Your SlideShare is downloading. ×
Interlinking semantics, web2.0, and the real-world
Upcoming SlideShare
Loading in...5

Thanks for flagging this SlideShare!

Oops! An error has occurred.

Saving this for later? Get the SlideShare app to save on your phone or tablet. Read anywhere, anytime – even offline.
Text the download link to your phone
Standard text messaging rates apply

Interlinking semantics, web2.0, and the real-world


Published on

Invited talk at APRESW Workshop, Extended Semantic Web Conference, Crete, 2010 …

Invited talk at APRESW Workshop, Extended Semantic Web Conference, Crete, 2010

Published in: Technology, Education
1 Like
  • Be the first to comment

No Downloads
Total Views
On Slideshare
From Embeds
Number of Embeds
Embeds 0
No embeds

Report content
Flagged as inappropriate Flag as inappropriate
Flag as inappropriate

Select your reason for flagging this presentation as inappropriate.

No notes for slide
  • Pain to control Dislikes and distrusted because we don’t know what they listen to, and who they talk to, and what they do with that data.
  • Publishing web (publishing) – blogging, tweeting, updating their status, etc. Sharing web (sharing) – want others to see what we publish, which groups we’re in, what we like and dislike, our opinion on things, what we’ve been up to, places we’re visitingSocial networks (networking) – becoming part of online communities, of friends, colleagues, or complete strangers And as you know, the social web is increasingly becoming the new renewable energy of RS – it’s cheap, exists in abundance all around us, but largely untamed.Spyware is not the answer, where you develop apps that sit inside computers to monitor and analyze what we browse. Much research went into that direction. Problem is that people lose control on when and what to share and what not to share. Of course they could always switch off/on the spyware but it’s a headache and people worry that they might forget, or don’t trust the tool to behave like it should.
  • Disconnection of knowledge and social networkWant the SNS to talk to each other so they can give me a better serviceOvertime, the cumulative frequencies of the tags you use canbe represented with a tag-cloud. This gives a visual snapshot of the terms that you use most frequently.When we began this work, the first thing we did was develop a toolFor viewing tag clouds from multiple domains. We noticed thatmany tags represented concepts that could be considered Interests of the users.Hence, the motivation for our work is to exploit this tagging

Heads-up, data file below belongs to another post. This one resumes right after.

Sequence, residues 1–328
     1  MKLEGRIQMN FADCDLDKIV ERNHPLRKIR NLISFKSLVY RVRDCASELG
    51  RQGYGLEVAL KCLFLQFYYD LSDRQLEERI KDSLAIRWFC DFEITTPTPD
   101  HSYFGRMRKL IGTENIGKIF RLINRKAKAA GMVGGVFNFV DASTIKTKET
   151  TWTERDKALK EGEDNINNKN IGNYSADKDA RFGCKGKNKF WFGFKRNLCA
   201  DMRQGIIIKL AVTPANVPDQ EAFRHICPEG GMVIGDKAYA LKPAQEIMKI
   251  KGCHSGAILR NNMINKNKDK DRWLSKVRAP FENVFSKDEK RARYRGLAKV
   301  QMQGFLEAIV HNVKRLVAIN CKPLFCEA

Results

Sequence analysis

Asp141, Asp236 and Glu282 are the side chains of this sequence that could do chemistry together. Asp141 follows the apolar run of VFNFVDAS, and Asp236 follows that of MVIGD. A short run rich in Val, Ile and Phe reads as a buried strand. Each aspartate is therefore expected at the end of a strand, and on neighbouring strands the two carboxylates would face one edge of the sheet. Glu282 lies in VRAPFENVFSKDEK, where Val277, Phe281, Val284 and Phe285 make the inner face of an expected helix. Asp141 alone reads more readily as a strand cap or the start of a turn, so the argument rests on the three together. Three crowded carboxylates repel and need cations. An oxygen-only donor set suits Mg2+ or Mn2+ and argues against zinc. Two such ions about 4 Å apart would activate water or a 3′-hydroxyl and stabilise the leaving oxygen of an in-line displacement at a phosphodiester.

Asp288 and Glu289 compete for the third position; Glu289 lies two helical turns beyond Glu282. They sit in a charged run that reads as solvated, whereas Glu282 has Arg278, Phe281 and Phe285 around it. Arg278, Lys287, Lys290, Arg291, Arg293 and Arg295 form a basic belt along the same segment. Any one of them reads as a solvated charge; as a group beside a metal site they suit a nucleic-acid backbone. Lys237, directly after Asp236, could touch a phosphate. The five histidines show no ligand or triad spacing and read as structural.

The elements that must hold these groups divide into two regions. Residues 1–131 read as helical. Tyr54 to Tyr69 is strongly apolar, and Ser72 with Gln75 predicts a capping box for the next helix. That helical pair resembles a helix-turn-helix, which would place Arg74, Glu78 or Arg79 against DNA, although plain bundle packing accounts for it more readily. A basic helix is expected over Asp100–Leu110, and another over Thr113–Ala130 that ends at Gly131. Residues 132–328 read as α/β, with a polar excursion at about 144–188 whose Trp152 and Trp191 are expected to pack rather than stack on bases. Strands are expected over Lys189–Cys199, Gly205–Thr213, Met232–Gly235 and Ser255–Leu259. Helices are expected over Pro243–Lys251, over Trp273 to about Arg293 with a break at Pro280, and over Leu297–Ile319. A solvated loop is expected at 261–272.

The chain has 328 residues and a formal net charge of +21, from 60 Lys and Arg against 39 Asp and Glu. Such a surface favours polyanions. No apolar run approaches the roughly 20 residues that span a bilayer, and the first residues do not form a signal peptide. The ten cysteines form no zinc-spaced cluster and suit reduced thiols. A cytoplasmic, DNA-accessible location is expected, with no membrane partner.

• Facebook is heading the move towards globalising how you learn about what your users like, by allowing them to tell you what they like wherever they are whenever they like. Problem – you don’t know who they will sell this info to, info locked within Facebook
  • What u like: from browsing, purchasingWhom u know  what they like  what you might like
  • The DBpedia knowledge base currently describes more than 3.4 million things, out of which 1.5 million are classified in a consistent Ontology, including 312,000 persons, 413,000 places, 94,000 music albums, 49,000 films, 15,000 video games, 140,000 organizations, 146,000 species and 4,600 diseases. The DBpedia data set features labels and abstracts for these 3.2 million things in up to 92 different languages; 841,000 links to images and 5,081,000 links to external web pages; 9,393,000 external links into other RDF datasets, 565,000 Wikipedia categories, and 75,000 YAGO categories. The DBpedia knowledge base altogether consists of over 1 billion pieces of information (RDF triples) out of which 257 million were extracted from the English edition of Wikipedia and 766 million were extracted from other language editions
  • Sense here refers to adding meaning to tags, structure, modeling users
  • Disambiguation based on similarity of term vectors of Dbpedia pages and tag terms based on their frequency.
  • Transcript

    • 1. Interlinking semantics, web2.0, and the real-world
      Knowledge Media institute, OU
      APRESW Workshop, Extended Semantic Web Conference, Crete, 2010
    • 2. Learning about YOU!
      Sites learn about what you like from your browsing/purchasing history
      Cold start problem
      New user
      New site
      New product, product range
      Sparse knowledge
      Limited to interactions within the site
      Can’t learn if you are using other sites
      No to Spyware!
      Tools that sit inside computers and monitor browsing behaviour and content
      Much research went into that direction for building RSs
      Pain to control what they should/shouldn’t access and when
    • 3. New info sources for recommendation systems
      Micro publishing
      updating status
      • Sharing
      • 4. wish for others to see what we publish
      • 5. know which groups we are in
      • 6. what we like
      • 7. where we’re going
      • Online networking
      • 8. Becoming part of an online community
      • 9. Connecting with friends, colleagues, family
      • 10. Participating in groups and discussions
    • Can you tell what my interests are?
    • 11. Facebook’s Open Graph
      Collects “like” information from anywhere about anything!
      “Based on the structured data you provide via the Open Graph protocol, your pages show up richly across Facebook: in user profiles, within search results and in News Feed.”
    • 12. Personal interests and the social web
    • 13. What about the semantics?
    • 14. Un-Semantic Recommender Systems
      Collaborative filtering is scalable, relatively cheap, and requires little background knowledge
      But can semantics help improve recommendation accuracy? Could it be cost effective?
    • 15. Semantics from Linked Open Data Cloud
      millions of objects
      Billions of triples